I bring this all up because past pain has present realities.

If we wish to understand why there are states of emergency being declared among the First Nations of Canada, why countless tribes like the Navajo people are having their culture appropriated and ripped from them with no share in the profits, or why countless reservations are experiencing worse water conditions than Flint, Michigan (another example of systemic racism at work, considering Flint’s demographics) – we better understand how whiteness has manipulated the brown-skinned Jesus of Nazareth to justify mass destruction.

And we better not listen to white voices to learn these realities either. That only perpetuates the problem. Many whites have counter-argued that listening to only Native voices is “biased” and we should strive for objectivity. But those who make this argument don’t understand that their perspective has been socialized just as much as any Indigenous perspective – the only difference being their white opinion in a white-dominant society is treated as the “norm.” There is no such thing as true objectivity.

The near genocide of both Native peoples and cultures has led me to where I am now: only knowing half of my heritage. Unlike my white friends and family, I have to learn about my other heritage from books[2] – which is antithetical to Indigenous world views because the written word is not trustworthy. In a manner of speaking, this process has been a rezurrection[3] of sorts; bringing back to life Keetoowah traditions and values that were once dead to me.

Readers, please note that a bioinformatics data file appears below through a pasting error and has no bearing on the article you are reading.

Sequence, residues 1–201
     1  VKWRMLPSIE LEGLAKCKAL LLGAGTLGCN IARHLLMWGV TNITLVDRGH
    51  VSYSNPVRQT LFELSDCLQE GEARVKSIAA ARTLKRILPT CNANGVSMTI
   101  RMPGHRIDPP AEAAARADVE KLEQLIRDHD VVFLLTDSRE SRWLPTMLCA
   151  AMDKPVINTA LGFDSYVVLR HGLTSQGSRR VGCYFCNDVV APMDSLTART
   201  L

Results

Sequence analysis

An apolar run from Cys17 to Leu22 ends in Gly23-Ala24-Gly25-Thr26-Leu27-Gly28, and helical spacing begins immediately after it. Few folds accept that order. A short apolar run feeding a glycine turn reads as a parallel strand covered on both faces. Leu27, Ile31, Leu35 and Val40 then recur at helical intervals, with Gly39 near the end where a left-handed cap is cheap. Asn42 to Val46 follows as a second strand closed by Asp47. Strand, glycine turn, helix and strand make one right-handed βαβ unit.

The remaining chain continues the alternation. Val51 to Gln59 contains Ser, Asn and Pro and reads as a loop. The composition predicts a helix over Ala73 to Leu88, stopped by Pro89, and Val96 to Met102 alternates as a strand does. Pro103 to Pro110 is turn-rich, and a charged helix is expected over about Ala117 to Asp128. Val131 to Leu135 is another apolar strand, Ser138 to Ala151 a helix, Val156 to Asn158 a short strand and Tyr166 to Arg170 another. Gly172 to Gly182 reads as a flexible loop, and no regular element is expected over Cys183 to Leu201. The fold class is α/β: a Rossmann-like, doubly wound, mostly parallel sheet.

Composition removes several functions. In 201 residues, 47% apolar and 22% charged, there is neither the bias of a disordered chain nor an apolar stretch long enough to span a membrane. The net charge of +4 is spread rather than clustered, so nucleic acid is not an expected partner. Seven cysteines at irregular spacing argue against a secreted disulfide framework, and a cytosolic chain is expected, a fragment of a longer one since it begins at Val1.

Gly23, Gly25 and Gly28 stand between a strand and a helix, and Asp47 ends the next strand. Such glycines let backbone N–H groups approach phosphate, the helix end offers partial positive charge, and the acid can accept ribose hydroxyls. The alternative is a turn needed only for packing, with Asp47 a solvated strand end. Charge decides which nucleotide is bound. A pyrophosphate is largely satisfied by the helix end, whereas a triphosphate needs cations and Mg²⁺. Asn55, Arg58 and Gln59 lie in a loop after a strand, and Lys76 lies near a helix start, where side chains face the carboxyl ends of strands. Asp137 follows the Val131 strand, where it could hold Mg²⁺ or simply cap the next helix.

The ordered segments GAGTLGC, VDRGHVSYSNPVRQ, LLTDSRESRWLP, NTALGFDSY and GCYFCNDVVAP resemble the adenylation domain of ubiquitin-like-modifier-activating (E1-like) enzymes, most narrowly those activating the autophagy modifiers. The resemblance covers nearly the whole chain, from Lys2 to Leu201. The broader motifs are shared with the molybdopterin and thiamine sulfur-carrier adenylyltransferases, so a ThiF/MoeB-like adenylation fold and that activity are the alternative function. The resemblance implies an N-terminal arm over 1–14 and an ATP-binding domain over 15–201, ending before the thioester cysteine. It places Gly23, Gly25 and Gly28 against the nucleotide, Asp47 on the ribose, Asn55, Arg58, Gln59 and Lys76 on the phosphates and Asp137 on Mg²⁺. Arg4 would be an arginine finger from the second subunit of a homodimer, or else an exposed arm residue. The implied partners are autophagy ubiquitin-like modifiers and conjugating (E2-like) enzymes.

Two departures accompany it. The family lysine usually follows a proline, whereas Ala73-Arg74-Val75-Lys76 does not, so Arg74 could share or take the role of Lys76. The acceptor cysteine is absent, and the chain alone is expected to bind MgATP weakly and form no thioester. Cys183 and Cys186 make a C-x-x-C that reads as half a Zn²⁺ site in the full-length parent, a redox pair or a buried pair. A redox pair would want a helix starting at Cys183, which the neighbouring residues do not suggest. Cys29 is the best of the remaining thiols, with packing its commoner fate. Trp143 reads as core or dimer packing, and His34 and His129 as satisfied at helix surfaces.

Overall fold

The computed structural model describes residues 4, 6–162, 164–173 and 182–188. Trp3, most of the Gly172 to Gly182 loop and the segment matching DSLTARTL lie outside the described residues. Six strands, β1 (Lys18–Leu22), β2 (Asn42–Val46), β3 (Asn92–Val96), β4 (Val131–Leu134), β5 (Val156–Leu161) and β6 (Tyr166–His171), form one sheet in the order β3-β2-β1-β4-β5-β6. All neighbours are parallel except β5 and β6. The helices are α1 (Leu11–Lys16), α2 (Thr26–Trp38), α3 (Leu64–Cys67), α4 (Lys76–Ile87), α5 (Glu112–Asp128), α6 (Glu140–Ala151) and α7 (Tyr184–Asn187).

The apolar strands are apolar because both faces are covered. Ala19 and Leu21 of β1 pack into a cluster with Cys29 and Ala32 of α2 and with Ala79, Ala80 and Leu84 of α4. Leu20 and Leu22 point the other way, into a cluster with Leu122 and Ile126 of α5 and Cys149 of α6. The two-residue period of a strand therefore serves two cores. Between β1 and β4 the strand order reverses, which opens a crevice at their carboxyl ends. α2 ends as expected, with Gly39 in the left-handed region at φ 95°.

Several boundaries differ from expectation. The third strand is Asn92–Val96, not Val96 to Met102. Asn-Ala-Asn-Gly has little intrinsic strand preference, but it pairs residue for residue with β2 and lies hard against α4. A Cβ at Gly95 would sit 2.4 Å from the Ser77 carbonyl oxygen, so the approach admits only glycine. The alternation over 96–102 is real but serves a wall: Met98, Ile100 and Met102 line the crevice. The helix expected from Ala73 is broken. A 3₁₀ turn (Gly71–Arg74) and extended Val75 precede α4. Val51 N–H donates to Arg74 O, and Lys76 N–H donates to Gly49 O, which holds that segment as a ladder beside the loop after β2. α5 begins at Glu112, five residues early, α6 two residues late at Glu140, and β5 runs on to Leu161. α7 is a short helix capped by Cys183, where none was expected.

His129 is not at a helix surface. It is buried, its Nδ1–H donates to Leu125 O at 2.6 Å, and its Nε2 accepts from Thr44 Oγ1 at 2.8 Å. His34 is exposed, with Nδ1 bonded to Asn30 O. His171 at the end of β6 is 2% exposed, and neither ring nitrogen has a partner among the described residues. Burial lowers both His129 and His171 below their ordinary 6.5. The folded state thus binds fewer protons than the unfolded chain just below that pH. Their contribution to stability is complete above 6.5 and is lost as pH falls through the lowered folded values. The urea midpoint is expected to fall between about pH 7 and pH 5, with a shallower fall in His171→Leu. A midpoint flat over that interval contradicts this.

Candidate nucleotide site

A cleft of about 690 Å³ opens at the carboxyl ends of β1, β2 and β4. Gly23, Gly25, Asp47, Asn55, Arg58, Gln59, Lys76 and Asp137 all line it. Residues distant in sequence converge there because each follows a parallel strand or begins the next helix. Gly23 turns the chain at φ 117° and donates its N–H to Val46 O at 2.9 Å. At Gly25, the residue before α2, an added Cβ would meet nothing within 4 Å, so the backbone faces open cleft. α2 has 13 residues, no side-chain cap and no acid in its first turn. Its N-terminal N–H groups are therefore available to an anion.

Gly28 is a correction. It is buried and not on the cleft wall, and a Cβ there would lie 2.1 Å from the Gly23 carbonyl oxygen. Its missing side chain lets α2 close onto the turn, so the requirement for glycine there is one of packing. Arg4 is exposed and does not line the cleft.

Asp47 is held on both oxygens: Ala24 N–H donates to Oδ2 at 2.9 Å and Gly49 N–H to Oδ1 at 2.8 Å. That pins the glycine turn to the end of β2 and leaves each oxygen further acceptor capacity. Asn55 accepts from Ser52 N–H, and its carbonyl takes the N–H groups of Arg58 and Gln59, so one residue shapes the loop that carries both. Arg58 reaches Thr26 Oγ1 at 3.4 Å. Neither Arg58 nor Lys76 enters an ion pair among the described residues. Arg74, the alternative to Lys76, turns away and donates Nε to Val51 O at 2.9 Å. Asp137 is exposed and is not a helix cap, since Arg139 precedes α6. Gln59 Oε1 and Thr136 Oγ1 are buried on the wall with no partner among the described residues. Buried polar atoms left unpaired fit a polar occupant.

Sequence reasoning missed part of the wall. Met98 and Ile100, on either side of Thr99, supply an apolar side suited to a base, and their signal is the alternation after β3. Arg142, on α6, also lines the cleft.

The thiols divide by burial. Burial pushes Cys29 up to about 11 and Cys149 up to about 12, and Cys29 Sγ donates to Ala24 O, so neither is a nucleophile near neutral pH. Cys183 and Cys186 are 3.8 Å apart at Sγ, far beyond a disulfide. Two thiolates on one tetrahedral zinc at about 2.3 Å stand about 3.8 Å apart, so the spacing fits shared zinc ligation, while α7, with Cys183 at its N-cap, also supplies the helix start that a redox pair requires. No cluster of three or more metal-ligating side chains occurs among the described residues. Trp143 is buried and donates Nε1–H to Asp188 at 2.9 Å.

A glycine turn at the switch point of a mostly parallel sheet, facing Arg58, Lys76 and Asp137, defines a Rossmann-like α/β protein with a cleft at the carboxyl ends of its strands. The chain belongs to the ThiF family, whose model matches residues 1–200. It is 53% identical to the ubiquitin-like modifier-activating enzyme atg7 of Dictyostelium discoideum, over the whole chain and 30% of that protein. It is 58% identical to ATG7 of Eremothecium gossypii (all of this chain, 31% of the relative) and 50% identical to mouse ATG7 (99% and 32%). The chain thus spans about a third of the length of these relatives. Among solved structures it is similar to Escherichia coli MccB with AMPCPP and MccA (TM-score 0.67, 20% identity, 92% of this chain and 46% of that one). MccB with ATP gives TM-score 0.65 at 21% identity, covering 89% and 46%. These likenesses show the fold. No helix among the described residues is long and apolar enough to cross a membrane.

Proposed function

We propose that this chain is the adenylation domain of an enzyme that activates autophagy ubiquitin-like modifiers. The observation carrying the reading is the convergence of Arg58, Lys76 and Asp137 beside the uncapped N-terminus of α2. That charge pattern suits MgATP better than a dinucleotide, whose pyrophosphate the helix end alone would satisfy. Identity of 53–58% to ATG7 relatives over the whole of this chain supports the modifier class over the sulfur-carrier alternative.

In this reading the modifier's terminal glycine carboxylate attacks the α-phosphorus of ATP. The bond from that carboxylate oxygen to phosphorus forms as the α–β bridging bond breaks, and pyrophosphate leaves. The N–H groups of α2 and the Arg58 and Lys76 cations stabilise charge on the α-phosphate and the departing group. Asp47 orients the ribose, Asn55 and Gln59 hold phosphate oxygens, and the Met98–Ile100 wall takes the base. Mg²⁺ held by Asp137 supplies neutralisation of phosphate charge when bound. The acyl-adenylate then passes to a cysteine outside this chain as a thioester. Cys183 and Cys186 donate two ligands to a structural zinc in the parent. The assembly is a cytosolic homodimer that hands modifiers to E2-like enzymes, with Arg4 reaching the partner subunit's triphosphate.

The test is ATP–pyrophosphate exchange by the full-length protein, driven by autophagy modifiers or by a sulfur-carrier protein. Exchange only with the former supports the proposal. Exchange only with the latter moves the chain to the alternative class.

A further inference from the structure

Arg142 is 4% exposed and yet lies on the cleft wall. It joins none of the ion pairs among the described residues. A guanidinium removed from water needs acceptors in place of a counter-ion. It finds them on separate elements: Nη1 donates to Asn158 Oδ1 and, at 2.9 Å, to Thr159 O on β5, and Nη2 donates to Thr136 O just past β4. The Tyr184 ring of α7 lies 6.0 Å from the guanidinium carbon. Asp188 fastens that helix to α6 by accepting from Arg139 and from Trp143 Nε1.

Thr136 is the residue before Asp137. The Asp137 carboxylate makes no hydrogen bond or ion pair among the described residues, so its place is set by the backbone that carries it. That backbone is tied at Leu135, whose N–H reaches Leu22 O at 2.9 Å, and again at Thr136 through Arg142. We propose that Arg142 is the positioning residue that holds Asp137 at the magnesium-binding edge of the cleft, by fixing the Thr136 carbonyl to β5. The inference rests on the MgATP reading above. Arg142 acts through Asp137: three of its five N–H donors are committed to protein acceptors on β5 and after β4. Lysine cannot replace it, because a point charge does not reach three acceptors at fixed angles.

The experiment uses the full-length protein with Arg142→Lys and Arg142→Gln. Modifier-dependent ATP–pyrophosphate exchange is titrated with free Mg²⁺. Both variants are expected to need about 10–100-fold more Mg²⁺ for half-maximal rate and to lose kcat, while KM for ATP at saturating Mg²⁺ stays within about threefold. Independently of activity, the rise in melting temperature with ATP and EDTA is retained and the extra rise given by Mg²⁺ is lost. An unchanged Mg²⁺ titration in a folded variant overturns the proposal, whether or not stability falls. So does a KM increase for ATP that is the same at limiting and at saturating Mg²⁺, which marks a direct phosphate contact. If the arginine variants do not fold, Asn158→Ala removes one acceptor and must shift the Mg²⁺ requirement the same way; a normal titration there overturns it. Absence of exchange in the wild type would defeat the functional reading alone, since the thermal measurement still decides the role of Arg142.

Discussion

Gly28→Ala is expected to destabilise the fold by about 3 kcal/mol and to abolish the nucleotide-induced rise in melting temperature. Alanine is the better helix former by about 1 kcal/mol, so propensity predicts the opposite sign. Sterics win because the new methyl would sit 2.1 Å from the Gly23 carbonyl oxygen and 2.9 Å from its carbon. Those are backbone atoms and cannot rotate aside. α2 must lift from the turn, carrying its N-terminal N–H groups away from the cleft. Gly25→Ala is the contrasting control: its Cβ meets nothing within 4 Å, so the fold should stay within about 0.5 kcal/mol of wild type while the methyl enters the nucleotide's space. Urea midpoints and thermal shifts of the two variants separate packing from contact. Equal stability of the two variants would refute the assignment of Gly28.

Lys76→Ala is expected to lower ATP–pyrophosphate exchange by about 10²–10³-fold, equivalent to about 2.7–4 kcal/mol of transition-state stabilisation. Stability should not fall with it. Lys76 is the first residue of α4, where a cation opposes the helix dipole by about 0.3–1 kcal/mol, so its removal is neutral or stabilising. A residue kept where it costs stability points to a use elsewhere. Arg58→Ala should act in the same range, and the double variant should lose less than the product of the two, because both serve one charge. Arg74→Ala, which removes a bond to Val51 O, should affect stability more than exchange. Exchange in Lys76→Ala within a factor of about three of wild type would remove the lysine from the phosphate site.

And like blood returning to an uncirculated limb or oxygen to a constricted lung, the process has been painful.

Christianity often portrays Jesus’s resurrection as devoid of pain and understandably so – there is no play-by-play of Jesus coming out of the grave in Scripture. But after this experience of re-engaging Native traditions and values, it makes me wonder if, perhaps, it was a painful experience for Jesus, too. It makes me wonder that in the act of returning to his Creator nature, the knowledge of the events that would take place “in his name” brought him again to his knees, pleading that this cup of suffering would pass over him. Yes, his resurrection was and is glorious, but that does not necessarily mean it did not hurt.

Seeing Jesus through these new lenses of American Indian traditions and stories has been painful because of the realities they bring. But it doesn’t mean they are devoid of hope and healing. It simply means I am free to daydream as a Cherokee descendant, as I truly am.

It means I am free to be brown-skinned and normal.

[1] See “the Good Samaritan.”

[2] My advisor, Randy Woodley, is the only Keetoowah (“Cherokee”) I have ever met who has guided me through a lot of Keetoowah history and traditions. For 26 years of my life, I had to read books to find out about my heritage.

[3] Many Indigenous folks talk about “life on the rez,” so this spelling is intentional.


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“Do not mistake me for a conjuror of cheap tricks.”